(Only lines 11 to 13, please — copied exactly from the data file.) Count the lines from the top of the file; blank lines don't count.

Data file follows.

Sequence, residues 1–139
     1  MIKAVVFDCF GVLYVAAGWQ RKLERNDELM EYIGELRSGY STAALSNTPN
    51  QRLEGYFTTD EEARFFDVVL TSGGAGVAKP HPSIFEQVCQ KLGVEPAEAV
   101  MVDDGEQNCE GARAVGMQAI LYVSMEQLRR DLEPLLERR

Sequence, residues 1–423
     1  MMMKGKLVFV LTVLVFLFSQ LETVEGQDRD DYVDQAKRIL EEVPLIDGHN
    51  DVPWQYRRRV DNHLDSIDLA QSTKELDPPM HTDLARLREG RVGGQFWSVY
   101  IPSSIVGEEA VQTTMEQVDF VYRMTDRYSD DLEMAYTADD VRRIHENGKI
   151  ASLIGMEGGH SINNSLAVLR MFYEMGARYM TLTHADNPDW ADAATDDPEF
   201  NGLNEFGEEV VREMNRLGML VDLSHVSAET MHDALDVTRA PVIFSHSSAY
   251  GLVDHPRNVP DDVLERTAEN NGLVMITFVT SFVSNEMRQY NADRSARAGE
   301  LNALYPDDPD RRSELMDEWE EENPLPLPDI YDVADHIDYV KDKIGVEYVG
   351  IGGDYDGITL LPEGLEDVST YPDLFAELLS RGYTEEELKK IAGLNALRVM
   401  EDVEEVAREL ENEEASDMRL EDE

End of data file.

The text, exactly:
   251  GLVDHPRNVP DDVLERTAEN NGLVMITFVT SFVSNEMRQY NADRSARAGE
   301  LNALYPDDPD RRSELMDEWE EENPLPLPDI YDVADHIDYV KDKIGVEYVG
   351  IGGDYDGITL LPEGLEDVST YPDLFAELLS RGYTEEELKK IAGLNALRVM